Wednesday, February 20, 2013

VINTAGE SHOPPING NORTH PARK




URBAN SOLACE
NORTH PARK
      I have a friend, Jean, who lives in San Diego. She is really my “vintage friend” because we go back 64 years. On this fine day, we decide to have lunch at the highly recommended Urban Solace restaurant in North Park. We were not disappointed with the tasty vegetable pot pie, and warm spinach salad that we shared—the cheese biscuits added a nice touch to a perfect lunch. North Park is the new trendy area of San Diego with a lot of one-of-a-kind local shops and restaurants that you don't see at the mall. After lunch we decided to do some exploring.
2871 UNIVERSITY AVENUE, NORTH PARK
      We discovered a vintage shop called Hunt & Gather (I expect a lot of hunting goes into running one of these stores). I haven't found many “good value” vintage clothing shops and in my opinion this place qualifies. The front of the store is well marked with it's name and a display of vintage outfits for both men and women. I loved the old tiles below the large windows and the lovely tiled entrance floor. Signage on the lower window reads: “Reworked * Recycled * Reloved.”
      Hunt & Gather is located at 2871 University Avenue—the owners description of the merchandise is, “local designers, reworked vintage, one-of-a-kind jewelry, records, art & more.” Interesting description and quite appropriate. What I like the most is the fact that it offers a variety of one-of-a- kind vintage clothes as well as some new items—like cool Brazilian capris.
      My impression is that the sizes are a bit larger than some of the authentic old vintage clothes that you see in other shops. Perhaps they are not quite as old, which would account for slightly larger sizes, but they still have the vintage trendy look. Consequently, the prices reflect this—middle of the range and good value.
      Zoe Reynolds, one of the owners, is also a seamstress and designer—she is very friendly and has that “cool young vintage” look. Clearly she has a talent for finding the latest in trendy merchandise for this successful store. Zoe has a sewing machine, conveniently located in the back, for modifying her finds as needed. She and her husband, Lee, have run the business for four years.
      There are some lovely furs in this store—reasonably priced as well. The jewelry is unique and locally made. There are vinyl records for sale. The colorful pop-art on the wall, as well as the intriguing displays of shoes, boots, hats, and sunglasses, add to the ambience.


JEANS' COAT CHOICE FOR COLORADO




      Suggest you run—not walk—to this store if you need a reasonably priced vintage dress or accessories for your next event. I plan to purchase a sleek fitting vintage flowered dress for my next occasion—hope my conservative husband approves.

Wednesday, February 6, 2013

VINTAGE DOORS OF THE GASLAMP QUARTER

WILLIAM HEATH DAVIS HOUSE


    Today, I enjoyed a leisurely morning walk to observe the many architectural wonders in the Gaslamp Quarter. There are 94 historical buildings in the 16 block area in downtown San Diego. It is listed on the National Register of Historic Places.  A walk along 5th and 4th Avenues, between Harbor Drive and Broadway, is a good route to observe the many Victorian-style buildings.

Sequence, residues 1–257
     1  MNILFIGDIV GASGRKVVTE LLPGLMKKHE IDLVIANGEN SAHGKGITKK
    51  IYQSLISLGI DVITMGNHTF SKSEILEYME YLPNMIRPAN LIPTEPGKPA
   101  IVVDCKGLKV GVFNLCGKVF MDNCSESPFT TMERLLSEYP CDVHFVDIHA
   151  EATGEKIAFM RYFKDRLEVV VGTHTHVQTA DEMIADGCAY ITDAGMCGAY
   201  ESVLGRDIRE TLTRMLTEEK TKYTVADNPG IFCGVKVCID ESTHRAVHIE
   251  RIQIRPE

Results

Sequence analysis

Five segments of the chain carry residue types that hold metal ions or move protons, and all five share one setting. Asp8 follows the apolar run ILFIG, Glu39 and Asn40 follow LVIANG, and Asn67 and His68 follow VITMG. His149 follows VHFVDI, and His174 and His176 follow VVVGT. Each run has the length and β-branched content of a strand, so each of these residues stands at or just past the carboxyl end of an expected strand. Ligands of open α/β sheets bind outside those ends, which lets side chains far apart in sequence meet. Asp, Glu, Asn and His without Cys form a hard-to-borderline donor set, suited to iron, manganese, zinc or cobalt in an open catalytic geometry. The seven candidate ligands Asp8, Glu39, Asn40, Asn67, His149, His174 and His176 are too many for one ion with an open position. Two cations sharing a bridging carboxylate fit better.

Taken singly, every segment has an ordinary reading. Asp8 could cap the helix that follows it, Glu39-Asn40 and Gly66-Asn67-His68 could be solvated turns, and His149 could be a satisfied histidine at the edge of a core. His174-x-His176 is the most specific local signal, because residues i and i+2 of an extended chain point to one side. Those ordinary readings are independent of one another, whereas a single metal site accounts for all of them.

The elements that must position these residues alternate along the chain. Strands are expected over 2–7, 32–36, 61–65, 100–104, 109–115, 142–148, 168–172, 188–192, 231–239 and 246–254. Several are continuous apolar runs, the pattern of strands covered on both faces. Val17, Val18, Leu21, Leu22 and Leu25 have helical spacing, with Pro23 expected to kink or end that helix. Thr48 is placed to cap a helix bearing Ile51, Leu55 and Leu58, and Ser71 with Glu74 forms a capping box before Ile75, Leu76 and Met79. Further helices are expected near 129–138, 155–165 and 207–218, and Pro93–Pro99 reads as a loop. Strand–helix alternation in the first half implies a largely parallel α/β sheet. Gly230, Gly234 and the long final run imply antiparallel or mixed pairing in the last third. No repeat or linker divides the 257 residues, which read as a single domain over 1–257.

One of the earliest residences is the William Heath Davis house, built in 1850, which currently houses the Gaslamp Museum--if you need a rest, Pocket Park is right next door.
     In the late 1800's the Gaslamp Quarter was the heart of entertainment for the city--it was known for gambling, saloons, gunmen, prostitutes, and speculators along with hordes of tourists and sailors.

WYATT EARP
LOUIS BANK BUILDING &
GREELEY BUILDING


    
    

HORTON GRAND HOTEL
 
 
     Between 1885 and 1887, Wyatt Earp and his third wife Josie moved to the Gaslamp Quarter (called Stingaree district in the 1880's). They leased four saloons and gambling halls. The most famous was the Oyster Bar located in the Louis Bank Building at 837 5th Avenue. They lived in the Horton Grand Hotel, 311 Island Avenue, most of the seven years they were in San Diego. Earp and his wife left in the 1890's to travel the race horse circuit.
     Today the Gaslamp Quarter is filled with hundreds of shops, restaurants, services, hotels, and nightclubs. It offers a great opportunity to look inside renovated 100-year-old buildings. Considered the entertainment center of San Diego. In the evenings it is crowded and a bit raucous. This "vintage traveler" prefers visiting in the morning with a cup of coffee in hand.

FUNKY GARCIA'S AT SUN CAFE
 
At 421 Market Street, there is the Funky Garcia's at Sun Cafe--originally a shooting gallery that served soup on the side. The soup became so popular that it became a restaurant owned by the Obayashi family. This Japanese family was sent to an internment camp in 1942. Fortunately, a friend operated it until they returned. The Obayashi's sold the cafe in the 1960's.
     Goorin Bros. Hat Shop on 5th Avenue is full of any kind of hat you can think of.
     The Cafe 21 on 5th Avenue is the busiest place in the morning (other than Starbuck's)--it gets good reviews for healthful food.
     There is almost no end to the interesting places you can take a peek at--especially when the San Diego sun is shining, and you have plenty of time to explore.
DUBLIN SQUARE
CHINESE MUSEUM
I.O.O.F. BUILDING

GOORIN BROS. HAT SHOP

SAMUEL I. FOX BUILDING